Machine learning is the embodiment of an unapologetically data-driven philosophy that has increasingly become one of the most important drivers of progress in AI and beyond. Existing machine learning methods, however, entail making trade-offs in terms of computational efficiency, modelling flexibility and/or formulation faithfulness. In this dissertation, we will cover three different ways in which limitations along each axis can be overcome, without compromising on other axes.
We start with limitations on computational efficiency. Many large-scale machine learning methods require performing nearest neighbour search under the hood. Unfortunately, all exact algorithms suffer from either the curse of ambient dimensionality, or of intrinsic dimensionality. In fact, despite 40+ years of research, no exact algorithm can run faster than naive exhaustive search when the intrinsic dimensionality is high, which is almost certainly the case in machine learning.
We introduce a new family of exact algorithms, known as Dynamic Continuous Indexing, which overcomes both the curse of ambient dimensionality and of intrinsic dimensionality. The key insight is that existing methods require distances between each point and a query to be approximately preserved in the data structure, whereas a method that only approximately preserves the *ordering* of nearby points relative to distant points would suffice. In practice, our algorithm achieves a 14 - 116x speedup and a 21x reduction in memory consumption compared to locality-sensitive hashing (LSH).
Next we move onto probabilistic modelling, which is critical to realizing one of the central objectives of machine learning, which is to model the uncertainty that is inherent in prediction. There is often a tradeoff between modelling flexibility and computational efficiency: simple models can often be learned straightforwardly and efficiently but are not expressive; complex models are expressive, but in general cannot be learned both exactly and efficiently.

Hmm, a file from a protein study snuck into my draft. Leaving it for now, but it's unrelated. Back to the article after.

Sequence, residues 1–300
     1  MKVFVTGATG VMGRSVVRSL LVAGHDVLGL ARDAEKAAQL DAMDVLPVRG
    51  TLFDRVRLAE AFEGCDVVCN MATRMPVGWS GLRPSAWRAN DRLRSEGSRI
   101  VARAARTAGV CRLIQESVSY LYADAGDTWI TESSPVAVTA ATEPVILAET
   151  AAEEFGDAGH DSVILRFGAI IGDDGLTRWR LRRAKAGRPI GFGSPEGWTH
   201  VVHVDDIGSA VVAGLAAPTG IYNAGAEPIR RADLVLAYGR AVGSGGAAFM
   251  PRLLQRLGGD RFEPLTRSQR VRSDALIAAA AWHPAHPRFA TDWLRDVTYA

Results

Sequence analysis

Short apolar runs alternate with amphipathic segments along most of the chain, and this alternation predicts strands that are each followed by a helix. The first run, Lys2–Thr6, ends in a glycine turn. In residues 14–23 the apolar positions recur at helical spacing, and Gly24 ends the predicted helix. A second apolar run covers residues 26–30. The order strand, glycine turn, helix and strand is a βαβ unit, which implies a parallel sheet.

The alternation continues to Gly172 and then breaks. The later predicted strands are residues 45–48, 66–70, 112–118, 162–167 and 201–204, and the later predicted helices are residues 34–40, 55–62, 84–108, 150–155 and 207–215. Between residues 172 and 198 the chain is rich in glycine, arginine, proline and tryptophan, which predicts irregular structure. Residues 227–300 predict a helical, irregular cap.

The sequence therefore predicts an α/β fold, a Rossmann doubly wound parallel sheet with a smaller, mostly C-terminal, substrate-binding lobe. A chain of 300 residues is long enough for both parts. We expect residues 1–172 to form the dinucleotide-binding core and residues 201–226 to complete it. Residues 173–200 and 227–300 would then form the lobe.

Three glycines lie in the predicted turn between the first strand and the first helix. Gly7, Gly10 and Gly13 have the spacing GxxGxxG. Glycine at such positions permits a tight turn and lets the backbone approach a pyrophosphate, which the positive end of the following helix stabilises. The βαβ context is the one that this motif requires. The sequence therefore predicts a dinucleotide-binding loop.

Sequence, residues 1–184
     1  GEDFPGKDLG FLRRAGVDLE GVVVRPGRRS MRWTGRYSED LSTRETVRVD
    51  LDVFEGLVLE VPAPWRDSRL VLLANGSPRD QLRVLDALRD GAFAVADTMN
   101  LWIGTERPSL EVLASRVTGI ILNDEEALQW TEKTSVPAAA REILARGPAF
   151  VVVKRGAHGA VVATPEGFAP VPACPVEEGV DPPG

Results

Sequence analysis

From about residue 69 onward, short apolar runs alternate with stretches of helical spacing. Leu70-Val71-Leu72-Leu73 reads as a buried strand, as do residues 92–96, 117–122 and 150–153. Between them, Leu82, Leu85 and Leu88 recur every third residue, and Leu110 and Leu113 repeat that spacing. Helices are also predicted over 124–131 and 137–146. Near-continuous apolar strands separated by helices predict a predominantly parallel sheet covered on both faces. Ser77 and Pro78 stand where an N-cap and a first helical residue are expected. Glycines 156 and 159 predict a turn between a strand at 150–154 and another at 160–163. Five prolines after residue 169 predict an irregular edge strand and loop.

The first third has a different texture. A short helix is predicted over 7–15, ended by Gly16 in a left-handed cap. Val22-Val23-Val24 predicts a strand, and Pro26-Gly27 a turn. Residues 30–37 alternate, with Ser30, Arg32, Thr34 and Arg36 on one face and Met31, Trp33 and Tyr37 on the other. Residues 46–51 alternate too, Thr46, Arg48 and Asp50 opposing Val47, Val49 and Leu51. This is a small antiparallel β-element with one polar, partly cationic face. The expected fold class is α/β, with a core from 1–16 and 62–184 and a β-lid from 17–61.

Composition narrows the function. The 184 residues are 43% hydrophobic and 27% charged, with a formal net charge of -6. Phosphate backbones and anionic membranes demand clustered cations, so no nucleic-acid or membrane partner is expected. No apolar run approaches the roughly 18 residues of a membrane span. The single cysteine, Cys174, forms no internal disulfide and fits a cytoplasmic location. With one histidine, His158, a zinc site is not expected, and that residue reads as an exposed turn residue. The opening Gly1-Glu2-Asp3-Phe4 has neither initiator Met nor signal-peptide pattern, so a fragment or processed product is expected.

Implicit probabilistic models, like generative adversarial nets (GANs), aim to get around this tradeoff by using a highly expressive function, e.g.: a neural net, in its sampling procedure. Unfortunately, GANs fall short of learning the underlying distribution because of mode collapse, i.e.: they can effectively ignore some arbitrary subset of the training data. We argue this arises from the direction in which generated samples are matched to the real data - by inverting this direction, we devise a new method, known as Implicit Maximum Likelihood Estimation (IMLE), which fundamentally overcomes mode collapse. This can be shown to be equivalent to maximizing a lower bound on the log-likelihood.
Finally we introduce a novel formulation that can enable the automatic discovery of new iterative gradient-based optimization algorithms, which have become the workhorse of modern machine learning. This effectively allows us to apply machine learning to improve machine learning, which has been a dream of machine learning researchers since the early days of the field. The key challenge, however, is that it is unclear how to represent a complex object like an algorithm in a way that is amenable to machine learning.
We get around this issue by observing that an optimization algorithm can be uniquely characterized by its update formula - different iterative optimization algorithms only differ in their choice of the update formula. Therefore, if we can learn the update formula, we can then automatically discover new optimization algorithms. We approximate the update formula using a neural net - then by learning the parameters of the neural net, we can search over different yet-to-be-discovered optimization algorithms efficiently.